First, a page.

Dating and Disease
Is this surprising? Not really, and a 2017 study conducted by a group of psychologists at Montréal’s McGill University confirms this. They looked into whether people’s dating behavior would change if they were worried about the risk of infectious disease, or if they would simply brave the consequences of potentially deadly illness in the interests of finding a partner or getting laid. The study consisted of a 15-item questionnaire that asked several hundred male and female participants their feelings about contagious illness-related questions such as “It really bothers me when people sneeze without covering their mouths.” The questions were part of a test called the perceived vulnerability to disease scale, or PVDS.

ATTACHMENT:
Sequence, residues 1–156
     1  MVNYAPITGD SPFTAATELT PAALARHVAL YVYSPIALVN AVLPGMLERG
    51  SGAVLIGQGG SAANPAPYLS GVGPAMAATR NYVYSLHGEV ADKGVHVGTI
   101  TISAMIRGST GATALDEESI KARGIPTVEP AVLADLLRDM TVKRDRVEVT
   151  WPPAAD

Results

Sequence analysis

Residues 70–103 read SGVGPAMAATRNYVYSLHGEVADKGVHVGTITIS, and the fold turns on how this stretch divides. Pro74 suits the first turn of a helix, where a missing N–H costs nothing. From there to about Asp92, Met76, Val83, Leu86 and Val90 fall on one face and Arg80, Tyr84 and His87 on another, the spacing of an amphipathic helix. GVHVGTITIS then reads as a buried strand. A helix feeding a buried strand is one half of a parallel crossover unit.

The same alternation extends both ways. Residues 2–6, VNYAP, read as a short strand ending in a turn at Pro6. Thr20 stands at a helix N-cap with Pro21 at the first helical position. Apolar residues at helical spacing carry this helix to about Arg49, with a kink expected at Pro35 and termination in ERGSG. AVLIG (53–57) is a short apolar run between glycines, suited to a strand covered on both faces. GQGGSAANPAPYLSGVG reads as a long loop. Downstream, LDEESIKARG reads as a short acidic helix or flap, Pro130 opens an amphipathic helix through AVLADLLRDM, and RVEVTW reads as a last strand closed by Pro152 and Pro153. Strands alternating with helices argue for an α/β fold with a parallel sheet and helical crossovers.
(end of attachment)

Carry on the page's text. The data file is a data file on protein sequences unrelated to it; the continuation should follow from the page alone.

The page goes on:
The results found that those who were more scared of catching an infection disease, showed less interest in prospective mates and casual dates. This was true regardless of how attractive the dates were. While this might sound obvious today, it was quite surprising at the time, when COVID-19 or other pathogens weren’t even a blip on the radar. But the reasons are well-known to evolutionary psychologists, who believe that humans evolved to become unconsciously wary of infectious diseases. This in turn encourages a set of behavioral patterns that would reduce the likelihood of catching an illness from another person. This diffidence might look something like avoiding eye contact, remaining closed, and not being willing to touch or stand close to other people.